Judge Sérgio Moro might as well be the most powerful politician in Brazil. Former President Luiz Inácio Lula da Silva is arguably the most popular.
When the two men faced off on May 10 in the southern city of Curitiba, the stakes couldn’t have been higher: survival of Brazil’s fragile democracy less than a generation after emerging from a military dictatorship.
Moro is not a politician. He is a federal judge who is leading a three-year investigation that already has implicated hundreds of officials of all major political parties in a massive bribery scheme, which is shocking even to those Brazilians who are accustomed to their country’s corrupt political culture.
Lula, Brazil’s president from 2003–10, is gearing up to seek a third term in next year’s election as the candidate of the leftist Workers’ Party. Lula may be leading in the polls, but he is also facing charges of bribery, money laundering, influence peddling and obstruction of justice. If convicted of those charges, then he could go to prison rather than the Planalto Palace in Brasilia.
The probe—known as Operação Lava Jato (Operation Car Wash)—has bitterly divided Brazilian society, sparked massive demonstrations across the country and helped bring down a president: Dilma Rousseff, Lula’s former chief of staff and successor. Now, it’s leaving many to wonder whether Brazil can shed its disgraced political class without also shedding more than thirty years of progress toward democratic stability.
Many Brazilians hail Moro for cracking the shell of impunity that has shielded corrupt politicians from accountability, and there have been calls for him to seek the presidency, an offer he has so far declined. Even without that, Time, Fortune and Bloomberg Businessweek all have named him as one of the world’s most influential leaders.
“Moro is the hero of the hour, bringing down all those thieves,” Diego de Aguiar, a municipal worker in Curitiba, told Bloomberg.
But others say the judge is just playing his own brand of dirty politics under the guise of justice. Lula’s supporters are still smarting from the impeachment and removal of Rousseff from office in August, which they insist was a coup. Some lawmakers who played a major role in the impeachment process are themselves implicated in the scandal. The leader of the impeachment push, Eduardo Cunha, former head of the lower house of Brazil’s Congress, is in prison, serving a fifteen-year sentence for taking bribes and trying to hide the money in secret bank accounts.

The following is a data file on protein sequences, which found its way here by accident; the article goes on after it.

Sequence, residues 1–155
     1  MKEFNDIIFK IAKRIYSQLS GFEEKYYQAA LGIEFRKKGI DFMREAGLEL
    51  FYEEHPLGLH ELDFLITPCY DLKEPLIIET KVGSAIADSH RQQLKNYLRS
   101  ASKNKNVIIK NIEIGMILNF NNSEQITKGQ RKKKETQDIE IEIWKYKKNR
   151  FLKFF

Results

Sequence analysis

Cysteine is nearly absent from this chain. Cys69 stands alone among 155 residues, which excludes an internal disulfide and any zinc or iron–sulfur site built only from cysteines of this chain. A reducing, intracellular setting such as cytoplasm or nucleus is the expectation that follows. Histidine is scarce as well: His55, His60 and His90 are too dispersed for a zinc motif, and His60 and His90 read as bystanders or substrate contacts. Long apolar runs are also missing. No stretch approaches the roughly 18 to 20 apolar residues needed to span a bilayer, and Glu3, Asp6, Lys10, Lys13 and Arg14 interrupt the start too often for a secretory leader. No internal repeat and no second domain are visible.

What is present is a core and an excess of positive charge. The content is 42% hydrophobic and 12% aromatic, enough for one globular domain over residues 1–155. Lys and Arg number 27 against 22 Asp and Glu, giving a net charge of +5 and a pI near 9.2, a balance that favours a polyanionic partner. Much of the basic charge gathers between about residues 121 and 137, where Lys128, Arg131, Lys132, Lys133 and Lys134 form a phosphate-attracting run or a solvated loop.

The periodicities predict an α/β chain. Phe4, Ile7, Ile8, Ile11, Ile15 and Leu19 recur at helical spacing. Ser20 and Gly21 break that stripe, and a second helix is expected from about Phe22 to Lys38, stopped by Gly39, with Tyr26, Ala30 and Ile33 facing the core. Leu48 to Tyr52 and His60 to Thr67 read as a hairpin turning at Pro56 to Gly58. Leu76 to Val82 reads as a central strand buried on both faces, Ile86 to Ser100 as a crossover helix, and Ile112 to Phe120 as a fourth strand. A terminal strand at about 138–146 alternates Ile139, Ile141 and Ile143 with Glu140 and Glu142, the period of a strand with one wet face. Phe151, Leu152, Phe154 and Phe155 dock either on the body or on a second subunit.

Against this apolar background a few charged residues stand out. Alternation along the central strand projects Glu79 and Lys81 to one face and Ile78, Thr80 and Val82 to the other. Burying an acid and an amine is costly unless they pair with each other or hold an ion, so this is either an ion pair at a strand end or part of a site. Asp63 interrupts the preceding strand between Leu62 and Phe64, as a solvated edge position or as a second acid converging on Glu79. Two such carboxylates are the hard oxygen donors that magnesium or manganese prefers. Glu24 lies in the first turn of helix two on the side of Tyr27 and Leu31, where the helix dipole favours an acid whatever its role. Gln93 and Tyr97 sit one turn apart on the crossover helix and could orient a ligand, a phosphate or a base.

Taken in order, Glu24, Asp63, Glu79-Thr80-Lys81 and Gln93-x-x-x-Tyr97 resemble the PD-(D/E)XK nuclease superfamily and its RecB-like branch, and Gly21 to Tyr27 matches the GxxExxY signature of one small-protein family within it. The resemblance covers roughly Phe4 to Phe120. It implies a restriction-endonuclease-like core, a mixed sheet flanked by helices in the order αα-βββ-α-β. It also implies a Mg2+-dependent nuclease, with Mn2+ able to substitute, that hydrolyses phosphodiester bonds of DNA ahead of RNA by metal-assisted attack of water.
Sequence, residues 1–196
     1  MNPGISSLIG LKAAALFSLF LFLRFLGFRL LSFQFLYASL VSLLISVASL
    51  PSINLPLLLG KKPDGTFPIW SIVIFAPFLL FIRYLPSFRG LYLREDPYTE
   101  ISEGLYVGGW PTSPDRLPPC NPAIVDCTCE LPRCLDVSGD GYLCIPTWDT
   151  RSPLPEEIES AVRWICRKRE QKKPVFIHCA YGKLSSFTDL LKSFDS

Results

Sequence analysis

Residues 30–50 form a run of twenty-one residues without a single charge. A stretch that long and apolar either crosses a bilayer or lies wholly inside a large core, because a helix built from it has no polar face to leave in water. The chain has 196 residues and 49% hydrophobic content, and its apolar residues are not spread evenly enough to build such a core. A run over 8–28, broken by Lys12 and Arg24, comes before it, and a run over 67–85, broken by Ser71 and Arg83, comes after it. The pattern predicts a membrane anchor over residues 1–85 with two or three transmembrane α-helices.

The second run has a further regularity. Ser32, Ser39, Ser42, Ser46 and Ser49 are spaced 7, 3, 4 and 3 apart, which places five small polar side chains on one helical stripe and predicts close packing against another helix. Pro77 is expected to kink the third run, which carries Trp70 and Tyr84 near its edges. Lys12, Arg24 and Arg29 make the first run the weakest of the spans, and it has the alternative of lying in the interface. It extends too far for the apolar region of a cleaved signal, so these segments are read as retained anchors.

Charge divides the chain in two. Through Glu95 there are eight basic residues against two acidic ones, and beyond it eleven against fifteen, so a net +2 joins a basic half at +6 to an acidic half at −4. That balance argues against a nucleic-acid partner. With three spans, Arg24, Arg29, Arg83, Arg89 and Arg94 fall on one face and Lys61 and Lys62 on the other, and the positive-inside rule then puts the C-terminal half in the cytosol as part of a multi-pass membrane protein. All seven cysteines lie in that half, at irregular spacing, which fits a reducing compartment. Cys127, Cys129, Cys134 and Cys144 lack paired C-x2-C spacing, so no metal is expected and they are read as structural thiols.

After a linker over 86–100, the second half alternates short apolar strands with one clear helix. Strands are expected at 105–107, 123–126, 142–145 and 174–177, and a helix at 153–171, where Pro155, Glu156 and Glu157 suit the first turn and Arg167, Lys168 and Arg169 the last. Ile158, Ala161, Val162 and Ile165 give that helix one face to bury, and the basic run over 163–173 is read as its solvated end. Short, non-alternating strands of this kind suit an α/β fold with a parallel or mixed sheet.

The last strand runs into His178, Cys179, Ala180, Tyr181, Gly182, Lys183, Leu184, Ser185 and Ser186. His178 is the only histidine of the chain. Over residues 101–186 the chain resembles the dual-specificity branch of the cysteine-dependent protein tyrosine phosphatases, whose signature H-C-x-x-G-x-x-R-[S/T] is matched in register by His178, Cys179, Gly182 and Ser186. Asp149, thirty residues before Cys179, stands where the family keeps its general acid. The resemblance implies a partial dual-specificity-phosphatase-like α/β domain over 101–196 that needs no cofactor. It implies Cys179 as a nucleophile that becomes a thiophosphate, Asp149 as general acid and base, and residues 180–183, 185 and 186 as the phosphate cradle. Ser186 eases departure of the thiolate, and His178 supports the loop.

After he was questioned for more than five hours Wednesday, Lula’s lawyers called the session “a judicial process for political ends.”
The massive reach of the bribery scheme also has raised concerns about the stability of Latin America’s largest economy—and the world’s ninth-largest. Though Brazil is slowly recovering from a recession sparked in part by the investigation, the poisoned political atmosphere is likely to remain a drag. And the economic misery is deepening the political divide and eroding the consensus needed to craft effective policy solutions.
“Brazil is as divided as it ever has been since regaining democracy in 1985. The division of society into two antagonistic political camps, incapable of dialogue, is bad for any country,” wrote Sergio Fausto, executive superintendent of the Instituto Fundação Fernando Henrique Cardoso, in the Estado de São Paulo daily.
Meanwhile, the country is essentially leaderless, with caretaker president Michel Temer both widely unpopular and facing his own corruption accusations. In the last Datafolha poll, 64 percent of those surveyed said they would refuse to vote for him. A third of the ministers in his government also are under investigation.
João Pedro Stedile, leader of the left-wing Landless Workers’ Movement, or MST, said Wednesday that his group would take up a collection to buy Temer a plane ticket to Miami, “which is the place for all the world’s sons-of-bitches.”
Should Moro keep his promise and Lula find himself in prison, the 2018 field could be wide open for an outsider candidate untouched by the scandal, with some openly looking to the election of U.S. President Donald Trump for inspiration.
Joao Doria, mayor of Sao Paulo, Brazil’s largest city, is a millionaire businessman who hosted his country’s version of Trump’s “The Apprentice” reality-TV series. Upon taking office Jan. 1, he pledged to “respect ethics and transparency.”
But Doria lags in polling behind Jair Bolsonaro, a right-wing former army paratrooper who’s openly nostalgic for the 1964–85 military dictatorship. Bolsonaro, a federal deputy notorious for his anti-gay stances who represents Rio de Janeiro, a city famous worldwide as a gay-friendly destination, is second only to Lula in voter support.
Like Trump, Bolsonaro is a prolific social-media user, an avowed nationalist and openly courts voters who disdain “political correctness” and oppose immigration. Like Trump, he had been considered a joke and a fringe voice until recently. But his pledge to “stanch the hemorrhage of corruption” as the scandal widens to encompass more conventional political figures has put him on a path to possibly emulate Trump’s success.
In Brazil, where the political center of gravity is somewhat farther to the left than in the United States, such an outcome is seen more widely as a potential tragedy. Voters do not want to have to choose between the corrupt and the extreme, but they may be forced to do so.
Charles Hoskinson has worked as a reporter and editor in Washington for more than fifteen years. His stories have appeared in Congressional Quarterly, Politico, AFP and the Washington Examiner.
Image: Protest in São Paulo, August 2016. Wikimedia Commons/Creative Commons/Rovena Rosa/Agência Brasil